The Biology of Typing

I didn’t take biology in high school. My mom called the school and told them she didn’t think I needed to take the course. Turns out she was right. But she insisted I take typing. We used real typewriters. Manuals. There were a few electic typewriters in the back of the room but they seemed too exotic and high-tech to use. Every week or so we had these “timed typing” tests to see how many words-per-minute we could type. There some kind of formula…total words minus number of errors, something like that. I quickly figured out that my best shot was to go wide open, with no regard to errors. I frequently had the best score for a document nobody could read. This was 1964 and computers and word processors were years in the future.

Twenty years later I started working with a guy named Bob Priddy. Bob was (is) a broadcast journalist, author and –in 1984– power typist. His “office” was a cramped, dusty corner of an attic in Jefferson City, Missouri. The digital newsroom was still a few years off and Bob hammered out his news stories on a battered old Royal typewriter. The floor and walls shook when Bob was on deadline. No IBM Selectric for Bob, he was a manual guy all the way. Bob “keyboards” these days. And if he doesn’t pound the keys as he did back then, it’s only because they couldn’t take the punishment.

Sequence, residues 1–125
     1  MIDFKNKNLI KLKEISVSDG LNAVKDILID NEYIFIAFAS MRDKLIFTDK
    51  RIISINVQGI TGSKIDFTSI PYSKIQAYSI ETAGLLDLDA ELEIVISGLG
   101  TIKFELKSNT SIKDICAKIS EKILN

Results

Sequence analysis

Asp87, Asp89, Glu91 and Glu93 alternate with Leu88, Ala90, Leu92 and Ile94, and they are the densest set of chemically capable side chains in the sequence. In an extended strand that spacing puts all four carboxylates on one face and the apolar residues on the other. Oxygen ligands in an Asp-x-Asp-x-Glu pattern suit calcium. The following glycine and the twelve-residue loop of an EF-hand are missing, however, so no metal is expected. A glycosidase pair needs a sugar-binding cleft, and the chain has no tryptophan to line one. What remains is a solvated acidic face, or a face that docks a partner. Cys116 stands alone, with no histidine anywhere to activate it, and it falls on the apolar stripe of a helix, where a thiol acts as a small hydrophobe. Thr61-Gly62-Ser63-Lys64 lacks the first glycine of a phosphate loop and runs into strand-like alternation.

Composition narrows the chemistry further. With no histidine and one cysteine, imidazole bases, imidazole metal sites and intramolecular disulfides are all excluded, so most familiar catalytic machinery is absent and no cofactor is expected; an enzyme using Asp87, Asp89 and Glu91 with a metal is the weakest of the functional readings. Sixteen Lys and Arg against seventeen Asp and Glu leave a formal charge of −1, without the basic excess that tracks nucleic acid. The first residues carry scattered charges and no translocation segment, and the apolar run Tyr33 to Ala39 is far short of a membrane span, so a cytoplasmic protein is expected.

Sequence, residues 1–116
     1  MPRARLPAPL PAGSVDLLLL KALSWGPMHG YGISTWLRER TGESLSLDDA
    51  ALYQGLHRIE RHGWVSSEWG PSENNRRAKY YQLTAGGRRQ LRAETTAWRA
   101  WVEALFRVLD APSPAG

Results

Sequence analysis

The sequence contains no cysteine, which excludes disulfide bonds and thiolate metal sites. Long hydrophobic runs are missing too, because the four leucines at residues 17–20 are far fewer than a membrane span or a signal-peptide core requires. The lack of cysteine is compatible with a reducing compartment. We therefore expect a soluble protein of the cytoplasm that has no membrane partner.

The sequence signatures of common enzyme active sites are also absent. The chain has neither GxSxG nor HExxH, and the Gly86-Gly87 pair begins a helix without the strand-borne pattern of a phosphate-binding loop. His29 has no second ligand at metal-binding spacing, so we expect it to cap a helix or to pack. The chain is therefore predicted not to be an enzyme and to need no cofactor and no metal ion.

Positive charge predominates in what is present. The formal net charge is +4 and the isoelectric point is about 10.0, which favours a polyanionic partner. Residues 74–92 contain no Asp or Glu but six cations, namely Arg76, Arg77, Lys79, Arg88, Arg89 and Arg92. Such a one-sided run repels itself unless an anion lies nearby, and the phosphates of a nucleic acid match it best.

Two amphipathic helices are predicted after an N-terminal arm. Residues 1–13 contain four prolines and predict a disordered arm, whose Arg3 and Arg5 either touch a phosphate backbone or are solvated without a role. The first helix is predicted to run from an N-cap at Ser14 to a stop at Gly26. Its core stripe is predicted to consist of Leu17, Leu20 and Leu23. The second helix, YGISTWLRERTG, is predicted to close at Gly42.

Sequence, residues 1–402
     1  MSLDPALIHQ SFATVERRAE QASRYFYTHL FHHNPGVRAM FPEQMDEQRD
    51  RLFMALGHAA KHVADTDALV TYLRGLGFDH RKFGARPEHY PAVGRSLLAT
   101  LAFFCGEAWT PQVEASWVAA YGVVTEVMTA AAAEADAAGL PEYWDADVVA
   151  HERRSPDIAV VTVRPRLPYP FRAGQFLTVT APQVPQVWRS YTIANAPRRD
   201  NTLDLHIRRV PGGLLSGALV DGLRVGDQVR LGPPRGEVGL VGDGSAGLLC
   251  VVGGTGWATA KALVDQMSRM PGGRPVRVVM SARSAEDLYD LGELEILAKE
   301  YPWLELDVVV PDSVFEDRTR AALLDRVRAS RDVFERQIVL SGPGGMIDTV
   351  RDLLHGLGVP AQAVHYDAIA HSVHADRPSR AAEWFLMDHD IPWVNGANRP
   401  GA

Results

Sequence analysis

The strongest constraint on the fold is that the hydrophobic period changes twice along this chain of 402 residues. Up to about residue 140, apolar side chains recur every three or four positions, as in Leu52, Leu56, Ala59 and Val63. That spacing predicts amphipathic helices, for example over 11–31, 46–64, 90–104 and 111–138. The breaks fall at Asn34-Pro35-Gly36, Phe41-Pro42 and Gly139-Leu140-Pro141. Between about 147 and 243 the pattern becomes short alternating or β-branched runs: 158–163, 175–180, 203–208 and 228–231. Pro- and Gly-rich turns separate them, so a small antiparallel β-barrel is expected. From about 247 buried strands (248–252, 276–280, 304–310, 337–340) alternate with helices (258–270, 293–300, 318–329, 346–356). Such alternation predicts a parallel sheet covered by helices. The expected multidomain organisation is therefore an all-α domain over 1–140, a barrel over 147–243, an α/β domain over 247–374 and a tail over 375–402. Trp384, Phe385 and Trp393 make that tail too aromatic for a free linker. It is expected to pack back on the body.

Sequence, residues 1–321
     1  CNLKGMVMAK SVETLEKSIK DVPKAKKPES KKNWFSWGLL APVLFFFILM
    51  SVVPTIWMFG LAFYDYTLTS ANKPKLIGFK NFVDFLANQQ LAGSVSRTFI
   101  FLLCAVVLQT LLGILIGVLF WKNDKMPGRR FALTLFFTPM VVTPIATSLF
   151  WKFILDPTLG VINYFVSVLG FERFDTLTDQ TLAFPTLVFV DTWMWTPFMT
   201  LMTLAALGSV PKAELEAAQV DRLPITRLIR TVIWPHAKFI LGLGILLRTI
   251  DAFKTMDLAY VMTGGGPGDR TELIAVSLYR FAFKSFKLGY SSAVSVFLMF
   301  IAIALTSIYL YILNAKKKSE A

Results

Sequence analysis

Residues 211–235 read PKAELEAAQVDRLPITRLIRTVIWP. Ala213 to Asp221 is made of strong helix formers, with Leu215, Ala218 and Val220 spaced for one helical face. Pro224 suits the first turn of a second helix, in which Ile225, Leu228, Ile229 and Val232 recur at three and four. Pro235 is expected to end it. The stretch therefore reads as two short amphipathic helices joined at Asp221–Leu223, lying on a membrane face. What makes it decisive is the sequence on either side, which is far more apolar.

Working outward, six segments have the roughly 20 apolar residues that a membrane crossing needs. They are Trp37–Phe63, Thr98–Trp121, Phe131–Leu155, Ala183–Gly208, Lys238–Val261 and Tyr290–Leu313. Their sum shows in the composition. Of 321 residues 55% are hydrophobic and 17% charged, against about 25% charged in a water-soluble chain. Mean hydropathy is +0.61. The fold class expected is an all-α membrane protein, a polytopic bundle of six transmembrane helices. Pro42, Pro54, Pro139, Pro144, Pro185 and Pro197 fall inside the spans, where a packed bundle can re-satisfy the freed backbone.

I recently came across an article by Roger Ebert (In Cyberspace, Writing Is A Performance) that reminded me of Bob and his battered Royal.

“A few moments ago I took the L.C. Smith down from the shelf and tried to type on it, and found that I could not. It’s just so klutzy. My fingers have to travel so far and work so hard to depress a key. You have to manually return the carriage at the end of every line. You have to hit the Tab key to indent. My fingers are no longer trained to hold down the Shift key.”

I love email. I’m trying to get comfortable with Instant Messaging but it’s a struggle. Knowing the other person is sitting there (“Mays is typing you a message”), waiting for me to respond. I find myself drifting back to typing class (“Fuck the typos, I’m going for speed!”).

I don’t think they make manual typewriters any more. Seems like I read that some place. I’m tempted to add, “too bad” but I can’t say why. Sort of like me and biology.

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